It’s the way the Vikings lost to the Patriots that has to be frustrating. It wasn’t just the fact that Minnesota was dealing with an injured secondary with Xavier Rhodes (hamstring), who Zimmer chose to rotate every other series to avoid re-injury, or the fact that the Vikings lost Trae Waynes to a second-quarter concussion and were down to rookie Holton Hill and veteran Marcus Sherels, who hasn’t played consistent snaps at cornerback since 2013.

It wasn’t even an end-zone interception that all but sealed the Vikings' fate in the fourth quarter, halting their chance at a comeback.

The offense’s inability to get in an early rhythm was disappointing for Zimmer, who responded "no" when asked whether he felt his team ran the ball enough, something he’s stressed a need for week after week. Dalvin Cook had nine carries for 84 yards, but the Vikings were unable to generate a consistent rushing attack.

"It’s hard to call a run on second-and-20 because you’re basically going to be looking at third-and-15 most of the time, and that’s not a place you want to be," Cousins said. "So that’s where it became more of a drop-back game, and I don’t know if that’s the game we wanted to play from the start."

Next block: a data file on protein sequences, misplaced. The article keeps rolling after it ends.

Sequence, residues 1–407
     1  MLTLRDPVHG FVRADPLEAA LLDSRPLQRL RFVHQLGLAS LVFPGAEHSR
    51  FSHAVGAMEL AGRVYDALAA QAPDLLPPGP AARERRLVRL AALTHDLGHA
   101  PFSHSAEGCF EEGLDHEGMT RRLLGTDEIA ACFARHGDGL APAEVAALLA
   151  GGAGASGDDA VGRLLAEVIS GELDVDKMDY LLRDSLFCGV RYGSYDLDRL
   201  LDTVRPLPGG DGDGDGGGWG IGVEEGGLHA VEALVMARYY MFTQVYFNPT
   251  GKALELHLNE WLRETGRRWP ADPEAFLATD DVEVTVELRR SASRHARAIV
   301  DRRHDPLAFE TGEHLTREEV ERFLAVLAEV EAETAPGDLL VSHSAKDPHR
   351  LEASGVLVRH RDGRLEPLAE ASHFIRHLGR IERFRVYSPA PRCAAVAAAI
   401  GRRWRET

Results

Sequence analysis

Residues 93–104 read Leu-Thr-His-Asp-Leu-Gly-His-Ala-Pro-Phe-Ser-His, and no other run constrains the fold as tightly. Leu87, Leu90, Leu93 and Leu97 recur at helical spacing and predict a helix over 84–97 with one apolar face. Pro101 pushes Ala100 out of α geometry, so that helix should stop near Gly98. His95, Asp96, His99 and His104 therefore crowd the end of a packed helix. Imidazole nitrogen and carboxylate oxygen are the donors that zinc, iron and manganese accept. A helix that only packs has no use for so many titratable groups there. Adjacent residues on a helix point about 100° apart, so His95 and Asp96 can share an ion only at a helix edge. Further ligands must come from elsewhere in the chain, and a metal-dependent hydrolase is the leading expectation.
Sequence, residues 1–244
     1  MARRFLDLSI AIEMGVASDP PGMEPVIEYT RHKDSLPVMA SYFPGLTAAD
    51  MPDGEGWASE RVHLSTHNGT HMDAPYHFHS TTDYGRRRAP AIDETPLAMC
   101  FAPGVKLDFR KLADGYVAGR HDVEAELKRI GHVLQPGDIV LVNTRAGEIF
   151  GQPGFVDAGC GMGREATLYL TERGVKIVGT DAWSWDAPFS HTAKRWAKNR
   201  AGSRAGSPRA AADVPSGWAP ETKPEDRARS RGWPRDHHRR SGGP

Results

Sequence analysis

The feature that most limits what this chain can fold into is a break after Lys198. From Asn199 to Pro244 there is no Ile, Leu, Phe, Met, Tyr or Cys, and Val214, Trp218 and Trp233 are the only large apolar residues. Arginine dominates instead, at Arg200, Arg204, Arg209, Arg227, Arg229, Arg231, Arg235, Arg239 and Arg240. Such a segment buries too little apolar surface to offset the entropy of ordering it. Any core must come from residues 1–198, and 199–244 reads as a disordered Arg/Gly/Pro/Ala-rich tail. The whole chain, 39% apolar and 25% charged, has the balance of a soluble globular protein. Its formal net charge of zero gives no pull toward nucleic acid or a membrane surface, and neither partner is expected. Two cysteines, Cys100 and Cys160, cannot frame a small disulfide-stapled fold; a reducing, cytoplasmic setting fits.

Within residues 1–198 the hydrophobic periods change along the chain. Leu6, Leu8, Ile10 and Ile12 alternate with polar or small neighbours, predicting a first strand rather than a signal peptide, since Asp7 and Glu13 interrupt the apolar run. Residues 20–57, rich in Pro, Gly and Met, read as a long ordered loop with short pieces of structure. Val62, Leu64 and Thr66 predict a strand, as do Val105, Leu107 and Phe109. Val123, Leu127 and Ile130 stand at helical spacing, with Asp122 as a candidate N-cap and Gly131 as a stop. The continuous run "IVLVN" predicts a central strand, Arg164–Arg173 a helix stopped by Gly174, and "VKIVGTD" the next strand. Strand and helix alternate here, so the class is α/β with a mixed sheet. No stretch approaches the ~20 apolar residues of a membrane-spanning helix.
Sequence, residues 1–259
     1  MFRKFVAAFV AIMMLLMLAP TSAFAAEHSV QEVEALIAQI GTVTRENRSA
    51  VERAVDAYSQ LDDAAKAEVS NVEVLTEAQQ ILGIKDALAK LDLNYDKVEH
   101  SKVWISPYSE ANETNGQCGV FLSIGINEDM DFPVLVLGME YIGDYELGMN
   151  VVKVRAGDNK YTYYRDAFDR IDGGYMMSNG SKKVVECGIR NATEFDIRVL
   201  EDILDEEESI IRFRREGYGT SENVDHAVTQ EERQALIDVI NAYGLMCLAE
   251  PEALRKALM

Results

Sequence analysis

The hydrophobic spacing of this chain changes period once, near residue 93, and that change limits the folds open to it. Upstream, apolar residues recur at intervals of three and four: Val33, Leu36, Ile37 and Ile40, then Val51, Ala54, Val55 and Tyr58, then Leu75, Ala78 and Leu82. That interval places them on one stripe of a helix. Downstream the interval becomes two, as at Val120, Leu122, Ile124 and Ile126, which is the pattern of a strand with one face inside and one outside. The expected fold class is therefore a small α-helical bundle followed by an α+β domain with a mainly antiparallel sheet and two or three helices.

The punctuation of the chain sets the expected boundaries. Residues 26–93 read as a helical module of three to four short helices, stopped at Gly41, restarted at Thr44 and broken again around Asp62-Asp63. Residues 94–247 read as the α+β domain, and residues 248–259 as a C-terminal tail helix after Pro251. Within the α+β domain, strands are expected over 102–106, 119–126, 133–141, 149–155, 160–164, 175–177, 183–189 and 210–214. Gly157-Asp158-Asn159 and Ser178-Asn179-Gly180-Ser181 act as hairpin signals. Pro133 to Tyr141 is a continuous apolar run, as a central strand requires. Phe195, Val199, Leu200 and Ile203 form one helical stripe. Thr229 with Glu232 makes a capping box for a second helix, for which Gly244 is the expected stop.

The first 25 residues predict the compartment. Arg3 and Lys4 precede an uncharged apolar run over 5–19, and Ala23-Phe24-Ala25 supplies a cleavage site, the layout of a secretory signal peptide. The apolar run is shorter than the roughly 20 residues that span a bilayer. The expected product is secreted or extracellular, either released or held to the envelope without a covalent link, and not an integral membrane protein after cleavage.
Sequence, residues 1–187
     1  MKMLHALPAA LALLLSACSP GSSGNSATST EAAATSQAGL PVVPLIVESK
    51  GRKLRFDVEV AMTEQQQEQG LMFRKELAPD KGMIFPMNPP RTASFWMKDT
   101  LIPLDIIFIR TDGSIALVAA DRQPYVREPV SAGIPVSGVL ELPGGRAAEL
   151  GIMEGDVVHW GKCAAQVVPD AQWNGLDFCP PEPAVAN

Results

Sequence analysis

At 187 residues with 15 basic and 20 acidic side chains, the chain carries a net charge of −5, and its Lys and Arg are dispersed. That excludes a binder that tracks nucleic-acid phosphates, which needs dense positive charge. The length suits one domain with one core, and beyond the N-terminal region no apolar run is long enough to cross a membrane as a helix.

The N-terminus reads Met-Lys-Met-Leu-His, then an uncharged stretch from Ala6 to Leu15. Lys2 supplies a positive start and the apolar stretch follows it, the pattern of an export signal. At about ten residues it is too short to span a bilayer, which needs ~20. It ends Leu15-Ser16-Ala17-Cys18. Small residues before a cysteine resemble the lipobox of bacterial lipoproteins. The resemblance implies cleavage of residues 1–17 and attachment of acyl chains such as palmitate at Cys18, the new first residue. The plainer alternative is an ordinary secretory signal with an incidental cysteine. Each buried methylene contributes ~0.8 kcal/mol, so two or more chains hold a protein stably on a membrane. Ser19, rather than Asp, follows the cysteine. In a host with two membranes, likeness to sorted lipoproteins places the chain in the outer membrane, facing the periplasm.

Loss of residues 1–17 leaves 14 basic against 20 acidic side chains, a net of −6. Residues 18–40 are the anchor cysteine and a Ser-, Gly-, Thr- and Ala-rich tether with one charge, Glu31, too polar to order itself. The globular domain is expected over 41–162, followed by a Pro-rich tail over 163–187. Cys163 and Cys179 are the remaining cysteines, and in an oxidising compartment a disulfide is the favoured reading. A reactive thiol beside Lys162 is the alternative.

Once the Patriots went up 10-0 with 8:16 to play in the first half, history was working against the Vikings. According to ESPN Stats & Information, New England has a 100-2 record when leading by double digits at home since 2001.

Zimmer said this week that one of the strongest elements of a Bill Belichick-coached team is its ability to beat its opponent by making them play left-handed. The Patriots were able to do that by taking away Minnesota’s best weapons. Wide receiver Adam Thielen didn’t record his first catch until the end of the second quarter (a 5-yard touchdown, the Vikings' only TD of the game). Stefon Diggs, who played despite dealing with a knee injury, was held to five catches for 49 yards.

"A lot of times they had guys on both sides of me and a few times they had one guy on me, but nothing different than we’ve seen in the past weeks," Thielen said. "They didn’t let me get going."

Added Patriots cornerback Stephon Gilmore on his ability to contain Diggs: "He caught one real pass. The other ones were screens. An offensive tackle blocked me."